Getting Stronger

Strength training for Ironman triathlon seems to have more interpretations than there are people actually training for the event. Recommendations from various renowned and self proclaimed experts have included all of the following:
  • Bodybuilding style programs focusing on working specific muscles
  • Performing high repetitions at relatively low weights
  • Using machines to avoid injury risks
  • Performing strength work only using hills on the bike and run or paddles in the pool
  • Not doing any strength training
  • So-called functional work using a variety of swiss balls, balance boards and disadvantaged leverage
  • Plyometrics
  • Focusing only on the muscles and/or movements required in triathlon
  • Just going heavy
  • Pilates

This list is by no means exhaustive. There has been much debate about whether each method is better than another, or simply if there is any benefit in strength training at all? Numerous scientific studies have attempted to evaluate this. Typically the results have been conflicting for a number of reasons including, study design, training methods, training status of the athletes and what variables are measured. I don't have the answer, but I do believe there is good reason to include strength work in the training program. The benefits of which are not just confined to triathlon itself.

The benefits I see with strength training are often difficult to quantify into significant measures in scientific studies. My observations are more empirical. I am sure I will right a post all about evidence based practice one day, just to get it off my chest. Here are the reasons I include strength training into my program:

  • To increase maximal force production which can lead to:
  • - higher peak power outputs
  • - reduced perceived exertion at submaximal loads
  • - increased power output at reduced relative intensity
  • Reduced injury risk/rate due to:
  • - increased strength and work load tolerance of connective tissue
  • - correction of muscle imbalances
  • Improved overall performance due to variation in training stimulus
  • Improved performance at work
  • Reduced injury risk at work (there is a high risk lifting component in my job)

In the past my strength training has followed a reasonably traditional approach with 2-3 sets for 8-15 repetitions of various compound and isolated exercises plus an added component of so-called functional core training which involves a lot of work on the swiss ball. Over the years I found these sessions did seem to reduce my injury rate, but significantly added to my recovery needs. I was generally sore of 1-2 days following each session, and was often flat during my sport specific training. This time I have taken a different approach.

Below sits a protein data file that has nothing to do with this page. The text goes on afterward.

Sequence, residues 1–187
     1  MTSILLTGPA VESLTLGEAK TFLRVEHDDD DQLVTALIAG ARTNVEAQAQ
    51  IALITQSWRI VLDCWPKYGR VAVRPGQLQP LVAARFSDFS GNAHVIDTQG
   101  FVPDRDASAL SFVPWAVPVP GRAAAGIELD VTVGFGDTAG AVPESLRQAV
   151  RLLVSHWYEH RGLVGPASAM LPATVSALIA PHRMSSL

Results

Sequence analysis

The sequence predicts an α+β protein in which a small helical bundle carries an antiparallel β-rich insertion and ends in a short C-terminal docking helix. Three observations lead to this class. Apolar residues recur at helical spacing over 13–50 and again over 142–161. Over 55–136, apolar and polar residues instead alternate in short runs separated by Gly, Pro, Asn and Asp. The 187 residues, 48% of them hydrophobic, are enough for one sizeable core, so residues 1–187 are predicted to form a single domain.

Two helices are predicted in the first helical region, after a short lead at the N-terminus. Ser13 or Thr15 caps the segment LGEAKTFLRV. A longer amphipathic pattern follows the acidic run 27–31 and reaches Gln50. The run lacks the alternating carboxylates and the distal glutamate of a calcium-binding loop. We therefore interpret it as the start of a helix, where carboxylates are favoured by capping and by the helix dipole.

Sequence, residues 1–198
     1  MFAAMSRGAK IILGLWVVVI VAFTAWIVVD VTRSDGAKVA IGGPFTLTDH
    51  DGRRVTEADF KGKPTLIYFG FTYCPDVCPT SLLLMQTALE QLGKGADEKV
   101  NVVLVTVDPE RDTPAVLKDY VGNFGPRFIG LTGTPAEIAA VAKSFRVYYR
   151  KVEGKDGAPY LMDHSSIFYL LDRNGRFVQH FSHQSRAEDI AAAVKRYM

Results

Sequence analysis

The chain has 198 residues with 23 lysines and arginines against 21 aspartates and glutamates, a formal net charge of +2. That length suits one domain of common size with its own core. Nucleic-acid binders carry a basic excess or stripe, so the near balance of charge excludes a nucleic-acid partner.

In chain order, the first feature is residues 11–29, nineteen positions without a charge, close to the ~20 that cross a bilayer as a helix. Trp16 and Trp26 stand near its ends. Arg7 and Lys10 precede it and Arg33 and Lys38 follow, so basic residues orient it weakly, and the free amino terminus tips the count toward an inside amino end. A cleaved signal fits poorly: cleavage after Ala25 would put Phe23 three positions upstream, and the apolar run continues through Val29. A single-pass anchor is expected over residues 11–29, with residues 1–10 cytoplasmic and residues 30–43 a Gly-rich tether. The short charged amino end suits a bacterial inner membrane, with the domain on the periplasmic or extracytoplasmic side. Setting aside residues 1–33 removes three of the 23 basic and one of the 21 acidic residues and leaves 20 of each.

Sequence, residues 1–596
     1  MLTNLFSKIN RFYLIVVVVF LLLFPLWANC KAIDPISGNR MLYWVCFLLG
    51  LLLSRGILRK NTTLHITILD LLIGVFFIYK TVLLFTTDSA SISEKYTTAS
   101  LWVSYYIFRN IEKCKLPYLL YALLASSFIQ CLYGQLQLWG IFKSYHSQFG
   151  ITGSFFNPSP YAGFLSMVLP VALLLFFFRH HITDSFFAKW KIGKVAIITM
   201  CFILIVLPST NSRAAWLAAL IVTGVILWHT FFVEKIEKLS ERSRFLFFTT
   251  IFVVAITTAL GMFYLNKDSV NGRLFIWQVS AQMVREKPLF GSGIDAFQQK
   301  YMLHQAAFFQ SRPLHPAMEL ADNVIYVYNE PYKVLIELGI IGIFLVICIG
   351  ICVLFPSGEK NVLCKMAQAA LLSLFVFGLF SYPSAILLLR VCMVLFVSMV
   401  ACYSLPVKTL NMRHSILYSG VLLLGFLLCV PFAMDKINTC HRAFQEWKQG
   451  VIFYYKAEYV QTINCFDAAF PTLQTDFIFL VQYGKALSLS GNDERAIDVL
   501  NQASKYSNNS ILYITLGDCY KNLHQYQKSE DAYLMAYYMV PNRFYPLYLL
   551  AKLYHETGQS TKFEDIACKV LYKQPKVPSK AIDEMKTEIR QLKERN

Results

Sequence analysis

For the 16 weeks of Ironman speficic training, I have divided my strength training into four distinct phases of approximately four weeks each:

  1. General Strength, Power techniques
  2. Maximal Strength, Power development
  3. Maximal Power, Strength maintenance
  4. Maintenance

I am currently reaching the end of Phase 2 and will save how I found it so far for a later post. For now I'll just outline each phase as follows:

1. GENERAL STRENGTH, Power Techniques

Warm up with technique drills for explosive lifts followed by some work with light weight for a series of Snatches or Clean & Press. Then the rest of the workout will be something along the lines of: Pull ups, Squats, Bench press, Bent over row, Overhead press, Glute-Hamstring raises, Calf raises, Bicep curls, Dips, Core work. All these will be performed for 3 sets as follows:

  1. 12-15 reps of a comfortable weight (about 60-70% of 2nd set)
  2. 8-12 reps
  3. 6-8 reps of the weight of set 2 +10-20%

If I could reach 10-12 reps in set 2 plus 8 reps in set 3 then the weight would be increased by 10-20 the next session.

2. MAXIMAL STRENGTH, Power Development

After a warm up the session would start with 3x5 of either Snatches or Clean & Press at a moderate weight, focusing on speed of movement. For the strength work, a couple of exercises would be dropped, but now each exercise will receive a warm-up set(s) as required followed by 3 sets of 3-6 reps, with 2-3 minutes rest. The key exercises include:

  • Squats
  • Chin Up/Pull Up
  • Bench Press
  • Overhead Press
  • Deadlift
  • Calf Raise

If 5-6 or reps can be reach in most sets, then the weight is to be increased the following session. I will also include some auxiliary work if time and fatigue permit, but will be comfortable with letting the extras go if required.

3. MAXIMAL POWER, Strength Maintenance

Now its time to strip the auxiliary work. No more curls or calf raises. The focus is on the explosive lifting using:

  • Snatches
  • Clean & Press
  • Push Press
  • Squats
  • Deadlift

Typically 3-5 sets of 2-5 reps.


The lifts as per Phase 3, but only as 1-2 sets.


  1. Very informative! I never know how I should be lifting during different times in my training, especially the peak weeks. Which usually means I'll just skip my workouts!


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